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Re: m02#24 [#permalink] New post 10 Jul 2010, 02:17
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:!: Possibly Correct, Could someone tell me for sure :!:

First we factor 90 into primes 3*3*5*2

I thought of this as a combination problem with a duplicate choice 4! / 2 !

4! because I have to put the numbers in order A*B*C*D

2! because I have a duplicate choice (3)

Can anyone tell me if this will work for other situations?
or did I just confuse myself and everyone else?

Alternatively, I write these questions out starting with the largest and smallest factor
(I am using the .... to show that I write them a good distance apart on my scratch paper.)
1 .............................................................................................................. 90
next
1, 2,...........................................................................45, 90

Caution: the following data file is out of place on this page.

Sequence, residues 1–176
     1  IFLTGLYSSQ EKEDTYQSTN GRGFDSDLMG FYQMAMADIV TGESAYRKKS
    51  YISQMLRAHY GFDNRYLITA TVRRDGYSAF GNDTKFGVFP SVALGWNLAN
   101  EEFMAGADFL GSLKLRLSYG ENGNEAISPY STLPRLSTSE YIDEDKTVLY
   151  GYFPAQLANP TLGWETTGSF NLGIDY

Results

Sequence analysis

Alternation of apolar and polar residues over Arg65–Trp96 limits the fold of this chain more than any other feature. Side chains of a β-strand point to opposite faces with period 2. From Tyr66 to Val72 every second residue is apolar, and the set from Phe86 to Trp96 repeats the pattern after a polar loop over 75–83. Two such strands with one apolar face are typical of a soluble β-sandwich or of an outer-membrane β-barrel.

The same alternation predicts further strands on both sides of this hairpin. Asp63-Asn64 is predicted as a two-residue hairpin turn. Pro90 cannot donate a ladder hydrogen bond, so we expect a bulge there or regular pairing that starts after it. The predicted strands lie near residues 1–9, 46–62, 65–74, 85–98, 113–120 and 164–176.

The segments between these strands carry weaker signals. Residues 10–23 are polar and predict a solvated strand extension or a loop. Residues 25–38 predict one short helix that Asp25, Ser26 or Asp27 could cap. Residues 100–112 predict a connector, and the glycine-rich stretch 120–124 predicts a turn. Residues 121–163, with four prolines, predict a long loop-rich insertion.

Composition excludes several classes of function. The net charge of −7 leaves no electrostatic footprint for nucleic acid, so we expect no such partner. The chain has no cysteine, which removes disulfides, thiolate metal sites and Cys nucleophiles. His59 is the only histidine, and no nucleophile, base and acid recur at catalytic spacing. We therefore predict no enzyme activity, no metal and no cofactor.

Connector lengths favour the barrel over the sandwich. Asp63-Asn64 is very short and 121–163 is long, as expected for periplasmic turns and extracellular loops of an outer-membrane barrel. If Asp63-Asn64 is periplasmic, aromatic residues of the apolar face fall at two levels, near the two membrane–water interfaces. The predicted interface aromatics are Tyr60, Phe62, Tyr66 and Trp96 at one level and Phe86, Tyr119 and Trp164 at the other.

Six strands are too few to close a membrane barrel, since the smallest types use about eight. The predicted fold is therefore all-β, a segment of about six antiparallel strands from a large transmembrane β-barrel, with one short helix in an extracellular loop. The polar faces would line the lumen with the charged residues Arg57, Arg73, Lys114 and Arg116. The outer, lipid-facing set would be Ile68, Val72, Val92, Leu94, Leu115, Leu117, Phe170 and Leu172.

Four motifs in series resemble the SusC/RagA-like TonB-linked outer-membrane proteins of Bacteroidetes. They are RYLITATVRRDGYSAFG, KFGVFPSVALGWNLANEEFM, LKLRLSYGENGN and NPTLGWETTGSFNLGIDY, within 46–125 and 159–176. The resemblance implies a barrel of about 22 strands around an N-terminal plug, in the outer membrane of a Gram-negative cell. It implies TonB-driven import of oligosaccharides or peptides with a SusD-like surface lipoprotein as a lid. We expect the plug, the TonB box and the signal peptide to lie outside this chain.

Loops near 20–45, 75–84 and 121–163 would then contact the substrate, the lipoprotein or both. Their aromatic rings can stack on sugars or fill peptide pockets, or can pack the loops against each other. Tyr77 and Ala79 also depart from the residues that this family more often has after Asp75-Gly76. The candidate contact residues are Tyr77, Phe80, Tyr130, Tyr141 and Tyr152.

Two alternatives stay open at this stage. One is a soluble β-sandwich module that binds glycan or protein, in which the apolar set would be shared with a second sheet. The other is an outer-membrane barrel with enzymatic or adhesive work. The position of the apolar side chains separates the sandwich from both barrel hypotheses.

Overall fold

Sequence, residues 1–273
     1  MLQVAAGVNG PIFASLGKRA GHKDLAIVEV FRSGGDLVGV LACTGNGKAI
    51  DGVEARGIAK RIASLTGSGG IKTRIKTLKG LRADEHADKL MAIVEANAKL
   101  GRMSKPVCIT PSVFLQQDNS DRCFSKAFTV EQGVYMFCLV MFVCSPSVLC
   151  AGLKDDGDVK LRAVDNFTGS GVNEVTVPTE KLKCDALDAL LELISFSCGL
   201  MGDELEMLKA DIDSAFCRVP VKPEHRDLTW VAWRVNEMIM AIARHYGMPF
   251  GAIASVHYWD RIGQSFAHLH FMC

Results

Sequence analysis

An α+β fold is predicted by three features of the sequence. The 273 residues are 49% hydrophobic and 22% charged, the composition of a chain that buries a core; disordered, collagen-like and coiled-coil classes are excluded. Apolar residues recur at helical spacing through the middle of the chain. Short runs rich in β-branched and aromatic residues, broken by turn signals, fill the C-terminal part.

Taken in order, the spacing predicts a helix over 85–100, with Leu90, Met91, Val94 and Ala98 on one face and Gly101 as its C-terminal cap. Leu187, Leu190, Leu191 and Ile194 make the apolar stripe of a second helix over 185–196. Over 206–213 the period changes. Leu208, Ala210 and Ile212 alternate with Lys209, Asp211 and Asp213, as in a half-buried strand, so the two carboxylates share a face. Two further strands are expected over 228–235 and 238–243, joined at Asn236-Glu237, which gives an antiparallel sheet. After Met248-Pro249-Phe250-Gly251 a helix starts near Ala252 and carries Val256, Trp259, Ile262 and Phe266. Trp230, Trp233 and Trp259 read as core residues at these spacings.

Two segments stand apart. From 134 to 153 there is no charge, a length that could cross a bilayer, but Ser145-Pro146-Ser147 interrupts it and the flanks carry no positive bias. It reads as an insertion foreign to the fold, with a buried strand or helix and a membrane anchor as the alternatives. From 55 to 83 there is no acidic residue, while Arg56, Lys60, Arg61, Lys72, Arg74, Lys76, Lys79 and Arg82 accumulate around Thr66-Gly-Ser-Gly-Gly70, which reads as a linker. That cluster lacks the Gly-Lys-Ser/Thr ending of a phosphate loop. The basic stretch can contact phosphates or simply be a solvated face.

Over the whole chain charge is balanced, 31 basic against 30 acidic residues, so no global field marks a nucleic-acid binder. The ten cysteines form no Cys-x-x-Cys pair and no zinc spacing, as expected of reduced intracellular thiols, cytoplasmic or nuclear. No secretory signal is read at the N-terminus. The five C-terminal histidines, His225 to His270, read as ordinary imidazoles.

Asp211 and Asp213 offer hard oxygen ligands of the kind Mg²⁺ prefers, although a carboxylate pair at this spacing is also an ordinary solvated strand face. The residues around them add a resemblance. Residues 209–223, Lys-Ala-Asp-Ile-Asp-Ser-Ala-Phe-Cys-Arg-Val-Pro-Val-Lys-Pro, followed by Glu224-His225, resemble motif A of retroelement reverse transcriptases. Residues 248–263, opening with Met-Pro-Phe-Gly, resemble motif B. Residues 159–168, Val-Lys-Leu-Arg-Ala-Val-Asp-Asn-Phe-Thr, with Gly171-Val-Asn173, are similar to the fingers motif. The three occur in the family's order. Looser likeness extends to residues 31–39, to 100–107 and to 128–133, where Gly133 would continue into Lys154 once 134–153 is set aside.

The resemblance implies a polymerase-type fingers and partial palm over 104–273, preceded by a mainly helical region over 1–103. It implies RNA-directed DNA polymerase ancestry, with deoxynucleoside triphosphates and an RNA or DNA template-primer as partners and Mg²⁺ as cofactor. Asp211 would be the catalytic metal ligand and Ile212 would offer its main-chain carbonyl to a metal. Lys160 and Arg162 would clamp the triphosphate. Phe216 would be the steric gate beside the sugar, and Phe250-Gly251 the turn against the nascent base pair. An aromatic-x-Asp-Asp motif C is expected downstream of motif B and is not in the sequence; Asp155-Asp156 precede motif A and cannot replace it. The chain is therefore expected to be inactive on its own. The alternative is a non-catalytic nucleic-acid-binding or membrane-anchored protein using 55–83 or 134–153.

1, 2, 3 30, 45, 90
1, 2, 3, 5, 18, 30, 45, 90
If find that doing things this way prevents me from having duplicates and quickly gets me to a situation where I know I have covered all the possibilities.
This method is really only good for number less than 100. For example if you had 87452, it might take too much time to do this.
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Re: m02#24 [#permalink] New post 10 Jul 2010, 04:48
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E

I found a very useful formula (from GMAT Club forum) number of factors of a^x*b^y*c^z = (x+1)(y+1)(z+1).

Do hope it helps.
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Re: m02#24 [#permalink] New post 16 Jul 2010, 01:43
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90, when prime-factorized, can be expressed as: 2*(3^2)*5
i.e (2^1)(3^2)(5^1).
generally, distinct factors [of N = (a^x)(b^y)(c^z)]
is (x+1)(y+1)(z+1)